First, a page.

Interview with Sheryl Frame

Sheryl Frame
Sheryl Frame wears many hats. She's the commercialisation advisor for Accelerating Commercialisation, a federal government program. She's on the board of StartUpWA, Women in Technology WA (WITWA) and Springboard Enterprises Australia. She chatted to Nick Markham about her thoughts on WA's tech ecosystem.


Could you tell us about Women in Technology and Springboard?

Women in Technology WA was formed some years back, I joined the board in 2006. It's primary objective is to support women in the technology sector. We are women focused, but male friendly and we run a number of initiatives. For the women, we run about six programs a year, which are just educational on different topical matters. They're very informal, they're done on a lunch or evening cocktail party basis. We're a not-for-profit organisation, so we do rely heavily on sponsorship. We charge minimal amounts just to cover the cost of the event series, no membership fee to belong to WITWA.

The other key program we run is something called Tech Trails which we run as an inclusion into schools, particularly remote and regional schools, or at risk schools in the metropolitan area. That's aimed at girls and boys, usually in years 10, 11 or 12, depending on what the school wants. We have a full day workshop with the kids, we break them up into different pods and so on, talking about different career choices and the pathways to get to those careers. Professor Lyn Beazley, who was the chief scientist, is the patron of the Tech Trails program.

How many members would the Women in Technology have in WA?

We have about 650 members, as I said, difficult to manage an exact number because you don't have to pay to become a member. That comprises both males and females. When we formed originally it was to support women in the technology sector. What's happened is that there are fewer and fewer numbers of people taking technology as a career choice, ICT as a career choice, and that's why we've widened the whole gamut to include boys at school as well as girls.

How long have you been involved in the tech industry? How did you first get involved?

Too many years to talk about! I started actually in physio therapy, but I never practiced in physio, went straight into ICT as a young person. I started a computer bureau way back when you still had to buy c time on mainframes to get use thereof. I've been involved in it ever since. My main focus is technology as it relates to health care, but really I'm across the board of most sectors now.

I worked for many years for IBM, which gave me a very good background into business, but it also proved to me that I didn't want to be part of this big corporate world. It was during that time that I saw a gap in the market. In those days they were doing a trial-before-buy and they were selling something called DEI (Electronic Data Interchange) software, which was the precursor to e-commerce as we know it today.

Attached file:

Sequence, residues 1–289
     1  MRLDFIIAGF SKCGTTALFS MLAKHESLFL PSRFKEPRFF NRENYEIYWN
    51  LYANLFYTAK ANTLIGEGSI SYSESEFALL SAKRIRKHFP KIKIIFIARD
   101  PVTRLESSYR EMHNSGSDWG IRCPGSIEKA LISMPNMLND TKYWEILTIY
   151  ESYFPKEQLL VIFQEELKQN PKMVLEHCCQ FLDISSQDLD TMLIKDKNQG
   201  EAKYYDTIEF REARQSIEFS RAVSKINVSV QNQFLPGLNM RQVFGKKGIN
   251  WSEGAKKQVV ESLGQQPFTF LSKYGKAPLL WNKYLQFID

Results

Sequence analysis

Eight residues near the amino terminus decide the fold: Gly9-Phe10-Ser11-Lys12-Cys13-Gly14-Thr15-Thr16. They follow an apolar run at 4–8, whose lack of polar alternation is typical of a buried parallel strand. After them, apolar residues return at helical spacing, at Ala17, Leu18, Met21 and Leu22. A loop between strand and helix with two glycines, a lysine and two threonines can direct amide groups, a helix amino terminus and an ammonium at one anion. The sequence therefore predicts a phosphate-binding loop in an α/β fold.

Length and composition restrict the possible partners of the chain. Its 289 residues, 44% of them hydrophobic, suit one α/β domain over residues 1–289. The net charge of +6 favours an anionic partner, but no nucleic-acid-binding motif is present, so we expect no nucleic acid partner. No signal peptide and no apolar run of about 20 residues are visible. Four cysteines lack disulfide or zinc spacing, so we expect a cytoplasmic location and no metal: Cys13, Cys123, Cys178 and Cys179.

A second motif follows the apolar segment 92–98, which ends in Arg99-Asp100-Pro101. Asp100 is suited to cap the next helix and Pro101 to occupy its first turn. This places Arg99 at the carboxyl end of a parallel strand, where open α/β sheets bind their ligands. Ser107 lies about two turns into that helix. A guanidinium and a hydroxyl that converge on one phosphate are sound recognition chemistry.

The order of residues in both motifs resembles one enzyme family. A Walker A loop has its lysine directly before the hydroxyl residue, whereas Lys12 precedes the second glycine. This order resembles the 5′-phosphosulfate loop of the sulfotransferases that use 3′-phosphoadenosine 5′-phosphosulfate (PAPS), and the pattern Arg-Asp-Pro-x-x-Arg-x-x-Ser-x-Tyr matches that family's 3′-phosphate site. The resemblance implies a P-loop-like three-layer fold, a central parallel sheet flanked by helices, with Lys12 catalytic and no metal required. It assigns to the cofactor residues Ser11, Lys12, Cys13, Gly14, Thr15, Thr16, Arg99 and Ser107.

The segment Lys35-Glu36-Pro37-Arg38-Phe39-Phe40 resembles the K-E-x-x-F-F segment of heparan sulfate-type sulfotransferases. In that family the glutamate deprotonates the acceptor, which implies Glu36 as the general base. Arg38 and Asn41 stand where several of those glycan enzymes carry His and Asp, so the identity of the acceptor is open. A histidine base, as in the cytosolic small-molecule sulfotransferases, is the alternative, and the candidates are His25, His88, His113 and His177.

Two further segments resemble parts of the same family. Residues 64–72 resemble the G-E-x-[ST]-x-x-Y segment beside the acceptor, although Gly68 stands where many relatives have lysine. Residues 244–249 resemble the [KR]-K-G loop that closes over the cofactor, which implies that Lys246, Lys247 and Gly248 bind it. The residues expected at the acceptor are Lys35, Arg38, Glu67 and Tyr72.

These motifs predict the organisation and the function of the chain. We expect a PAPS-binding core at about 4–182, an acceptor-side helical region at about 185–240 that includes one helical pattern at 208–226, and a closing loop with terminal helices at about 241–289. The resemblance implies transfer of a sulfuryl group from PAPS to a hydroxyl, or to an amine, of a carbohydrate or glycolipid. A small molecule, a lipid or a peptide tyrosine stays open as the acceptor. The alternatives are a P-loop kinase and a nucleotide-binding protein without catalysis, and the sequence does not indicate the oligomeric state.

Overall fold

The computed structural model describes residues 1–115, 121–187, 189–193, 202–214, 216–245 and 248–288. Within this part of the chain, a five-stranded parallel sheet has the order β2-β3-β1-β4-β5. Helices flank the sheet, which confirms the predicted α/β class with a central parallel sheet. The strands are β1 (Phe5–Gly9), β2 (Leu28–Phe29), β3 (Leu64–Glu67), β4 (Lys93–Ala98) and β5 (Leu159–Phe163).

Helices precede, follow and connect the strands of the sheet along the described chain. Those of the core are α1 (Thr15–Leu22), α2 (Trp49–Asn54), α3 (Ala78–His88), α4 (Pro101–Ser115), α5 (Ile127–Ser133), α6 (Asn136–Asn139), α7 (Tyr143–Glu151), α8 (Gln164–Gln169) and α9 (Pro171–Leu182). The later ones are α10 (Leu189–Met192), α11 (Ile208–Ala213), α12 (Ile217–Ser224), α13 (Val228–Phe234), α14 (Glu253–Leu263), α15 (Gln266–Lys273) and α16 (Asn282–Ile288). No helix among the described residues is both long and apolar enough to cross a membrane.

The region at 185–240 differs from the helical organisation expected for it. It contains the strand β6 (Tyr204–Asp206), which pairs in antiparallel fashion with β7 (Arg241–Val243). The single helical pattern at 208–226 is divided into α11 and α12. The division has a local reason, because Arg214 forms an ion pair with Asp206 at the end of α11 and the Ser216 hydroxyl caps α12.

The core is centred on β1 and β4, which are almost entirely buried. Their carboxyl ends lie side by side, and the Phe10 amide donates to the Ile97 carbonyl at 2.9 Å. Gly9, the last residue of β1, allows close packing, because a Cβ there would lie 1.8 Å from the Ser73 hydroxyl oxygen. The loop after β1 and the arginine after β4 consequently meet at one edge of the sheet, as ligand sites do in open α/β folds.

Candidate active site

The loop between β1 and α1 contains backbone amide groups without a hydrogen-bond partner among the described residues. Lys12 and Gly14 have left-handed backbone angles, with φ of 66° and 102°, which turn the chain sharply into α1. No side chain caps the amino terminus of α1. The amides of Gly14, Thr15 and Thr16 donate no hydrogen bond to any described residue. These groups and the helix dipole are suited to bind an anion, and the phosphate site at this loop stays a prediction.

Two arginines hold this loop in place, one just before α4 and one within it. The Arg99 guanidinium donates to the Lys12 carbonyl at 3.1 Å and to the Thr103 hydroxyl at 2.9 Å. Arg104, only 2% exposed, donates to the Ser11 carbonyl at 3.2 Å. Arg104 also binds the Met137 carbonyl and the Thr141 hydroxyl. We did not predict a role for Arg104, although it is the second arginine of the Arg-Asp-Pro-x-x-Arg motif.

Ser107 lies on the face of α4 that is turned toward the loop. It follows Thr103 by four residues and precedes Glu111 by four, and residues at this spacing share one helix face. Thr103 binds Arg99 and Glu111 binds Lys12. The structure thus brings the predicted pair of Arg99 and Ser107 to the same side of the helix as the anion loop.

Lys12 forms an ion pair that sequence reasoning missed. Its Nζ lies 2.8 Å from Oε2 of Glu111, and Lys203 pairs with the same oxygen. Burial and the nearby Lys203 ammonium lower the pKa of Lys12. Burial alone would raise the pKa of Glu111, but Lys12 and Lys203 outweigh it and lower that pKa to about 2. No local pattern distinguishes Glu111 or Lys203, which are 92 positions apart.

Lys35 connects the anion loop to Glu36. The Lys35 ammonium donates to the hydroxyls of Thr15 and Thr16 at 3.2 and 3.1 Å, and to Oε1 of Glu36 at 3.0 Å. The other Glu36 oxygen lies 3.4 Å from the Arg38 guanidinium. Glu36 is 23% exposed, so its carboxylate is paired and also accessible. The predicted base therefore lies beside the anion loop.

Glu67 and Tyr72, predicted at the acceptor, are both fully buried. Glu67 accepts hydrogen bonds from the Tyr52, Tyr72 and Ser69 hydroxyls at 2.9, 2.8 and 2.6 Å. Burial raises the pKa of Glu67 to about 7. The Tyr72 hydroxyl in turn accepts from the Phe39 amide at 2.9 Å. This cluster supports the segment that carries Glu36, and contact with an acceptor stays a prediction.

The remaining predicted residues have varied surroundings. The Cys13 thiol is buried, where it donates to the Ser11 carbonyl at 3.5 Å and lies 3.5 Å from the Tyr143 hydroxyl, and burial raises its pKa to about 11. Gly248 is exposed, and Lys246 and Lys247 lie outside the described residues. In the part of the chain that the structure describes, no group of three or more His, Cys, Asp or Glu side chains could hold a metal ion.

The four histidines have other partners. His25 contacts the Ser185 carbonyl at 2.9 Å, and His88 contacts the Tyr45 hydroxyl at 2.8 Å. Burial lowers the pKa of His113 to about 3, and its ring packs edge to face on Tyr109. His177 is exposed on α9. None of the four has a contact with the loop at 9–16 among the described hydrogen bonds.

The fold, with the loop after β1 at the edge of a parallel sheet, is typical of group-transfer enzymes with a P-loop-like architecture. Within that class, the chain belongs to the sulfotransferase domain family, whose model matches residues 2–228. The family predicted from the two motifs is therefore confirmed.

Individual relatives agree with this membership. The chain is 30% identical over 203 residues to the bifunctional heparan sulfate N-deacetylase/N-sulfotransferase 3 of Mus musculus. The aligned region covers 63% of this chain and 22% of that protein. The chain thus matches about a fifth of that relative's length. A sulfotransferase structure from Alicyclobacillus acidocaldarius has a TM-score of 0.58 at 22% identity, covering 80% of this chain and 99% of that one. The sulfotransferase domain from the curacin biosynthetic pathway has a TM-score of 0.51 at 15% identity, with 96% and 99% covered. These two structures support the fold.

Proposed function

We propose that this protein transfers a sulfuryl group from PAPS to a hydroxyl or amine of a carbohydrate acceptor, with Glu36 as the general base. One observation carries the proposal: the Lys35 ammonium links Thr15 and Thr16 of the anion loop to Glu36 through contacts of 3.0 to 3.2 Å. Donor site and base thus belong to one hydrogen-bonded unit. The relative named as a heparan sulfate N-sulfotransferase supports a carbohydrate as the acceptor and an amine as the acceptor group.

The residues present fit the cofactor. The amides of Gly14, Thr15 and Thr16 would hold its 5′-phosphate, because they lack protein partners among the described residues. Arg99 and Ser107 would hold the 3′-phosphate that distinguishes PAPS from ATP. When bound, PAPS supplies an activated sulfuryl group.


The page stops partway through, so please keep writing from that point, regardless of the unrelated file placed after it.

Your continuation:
I started a business where  by default, most of my clients were in the medical sector. I formed a company called Promed, which was a very successful business, we did software for radiologists and software for hospitals and software for pharmacies. With the primary differentiating factor being the e-commerce enabled component. That was really successful.   I sold that off to Dimension Data before immigrating here in 2000 to be the general manager of a public listed health care s/w company, which was way before it's time. In those days people weren't ready to let health records go off the doctors premises, so that was not a very successful venture. It was in the era of “dot com”, or in this case  “dot bomb” companies.

I then went on to get involved with another start up, called Express Rx, the pharmaceutical dispensing machine, once again was very successful. Followed by another start up delivering x-ray images back to referring doctors. That was sold recently to Telstra. Then ultimately got involved in Accelerating Commercialisation and its predecessor Commercialisation Australia, to help other start ups and give back to the community.

You've had experience with successful tech companies and now do you view your role as giving back and being able to mentor early stage companies?

That's what I really enjoy about Springboard Enterprise, initially an American initiative aimed at helping women in technology based businesses, penetrate the market, raise capital, et cetera. It was brought to Australia by a lady called Wendy Simpson OAM, about three years ago. Wendy brought it to Sydney, and of course it was in grave of danger of becoming an Eastern state program only. Two years ago , I brought it to WA and I've since been elected to the board.

The objective is to help companies that are just starting to be revenue positive or, who want assistance in raising further capital, or who want help in specific areas and who want to enter into overseas market places. We can provide them a springboard into the US.